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Regulation on the Use of Telematic Data

It is said, and not without reason, that data is the oil of the 21st century. The vast majority of consumers are now aware of the value of the data we generate in our daily activities from the moment we get up to the moment we go to bed.

Smartphones are now part of people´s lives, and they provide us with all the access we need to cope with an increasingly hyper-connected day-to-day life. Apps of all kinds are flooding smartphones, in addition to the usual email or social networks, we have Apps that allow us to monitor our physical activity, control our financial situation, have control of our home automation and of course, all the data generated by our “smart” car.


Data Protection in Connected Vehicles

As mentioned above, data is a valuable tool, and in the case of smart car manufacturers it takes on even greater importance. Even so, the data collected must guarantee the consumer´s privacy at all times, so connected car manufacturers must comply with the General Data Protection Regulation (GDPR), as well as with European legislation on the protection of users´ mobility data, both for data generated in their cars and in Apps.

Data protection is a fundamental right of all individuals to have access to the data we generate, and to be able to control, dispose of and decide on its use or deletion. The security of personal data is an increasingly important issue. The misuse of the collection of the data generated leads both countries and the European Union itself to legislate very strictly on this issue.

Intelligent cars, thanks to their connection and the technology they incorporate both in terms of safety and assistance, generate a significant volume of data of great interest to companies, which, by using this data, can develop an infinite number of actions.


Types of data recorded in a connected car

We have talked about smart cars being connected cars, which generate a significant amount of interesting data, but what kind of data is generated?

The connected car has a myriad of interconnections to manage its functions, sometimes even “autonomous” connections that are activated while driving. All these interconnections generate a significant volume of data, which in themselves have no transcendental value, unless we “transform” them into information.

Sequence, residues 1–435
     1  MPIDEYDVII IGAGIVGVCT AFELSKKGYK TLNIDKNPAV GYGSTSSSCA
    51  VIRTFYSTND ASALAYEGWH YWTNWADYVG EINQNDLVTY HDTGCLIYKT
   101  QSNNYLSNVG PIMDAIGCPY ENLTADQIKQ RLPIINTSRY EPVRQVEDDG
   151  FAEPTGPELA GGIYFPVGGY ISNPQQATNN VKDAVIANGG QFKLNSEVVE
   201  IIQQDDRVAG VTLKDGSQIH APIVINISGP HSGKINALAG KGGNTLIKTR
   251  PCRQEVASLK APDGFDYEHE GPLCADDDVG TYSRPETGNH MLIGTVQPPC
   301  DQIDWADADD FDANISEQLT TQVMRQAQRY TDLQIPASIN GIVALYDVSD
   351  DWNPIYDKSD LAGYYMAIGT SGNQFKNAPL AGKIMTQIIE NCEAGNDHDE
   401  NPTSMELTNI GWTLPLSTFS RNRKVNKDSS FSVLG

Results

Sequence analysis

Transforming data into information is a process that the connected car performs autonomously on many occasions, for example, it collects the data on the amount of fuel to transform it, and informs us of the percentage of filling, or the kilometres of autonomy that we have left depending on our driving – here it is crossing the data with the consumption data and kilometres travelled to obtain the average consumption.

As we can see, the main indicators that a smart car analyses are the data generated by the driver while driving. The vehicle records all the data generated by the driver, which is what is transformed. But the transformation is not only in information, the intelligent and connected car is capable of, once the driving data has been recorded, for example, calculating the number of “mistakes” made by the driver, and classifying them according to their typology, for example, indicating the number of accelerations made by the driver to calculate the excess fuel consumption or deterioration of vehicle parts.


Uses for data generated in vehicles

Smart cars are increasingly equipped with more and more advanced and modern technology; airbags, brake assist systems, protection systems, blind spot monitors, etc., are technologies that are familiar to most drivers. As we said, all these systems involve the collection of data, which is why in recent years the legislation regulating the collection, management and use of these data has been strengthened.

The European regulation that came into force on 1 January 2021 provided legal coverage for the correct use of the data generated in connected vehicles, especially in two areas:

  • Commercialisation of data to third parties
  • Cybersecurity

As you would expect, connected car manufacturers cannot market the data collected from their vehicles, they must abide by what the Data Protection Act has been stipulating for several years now.

But let´s look at cybersecurity, an aspect that can sometimes be hidden but is of vital importance. Such is the case that the European Union requires connected car manufacturers to issue a cybersecurity certificate for each vehicle manufactured and destined for the European Union. This certificate is already mandatory as of 1 July 2022 for newly type-approved vehicles, and will be mandatory as of 1 July 2024 for all new vehicles.

The data to be protected by connected car manufacturers ranges from vehicle design data, as well as data related to risk assessment and cyber-attacks, which must be monitored in order to provide an adequate response to them.

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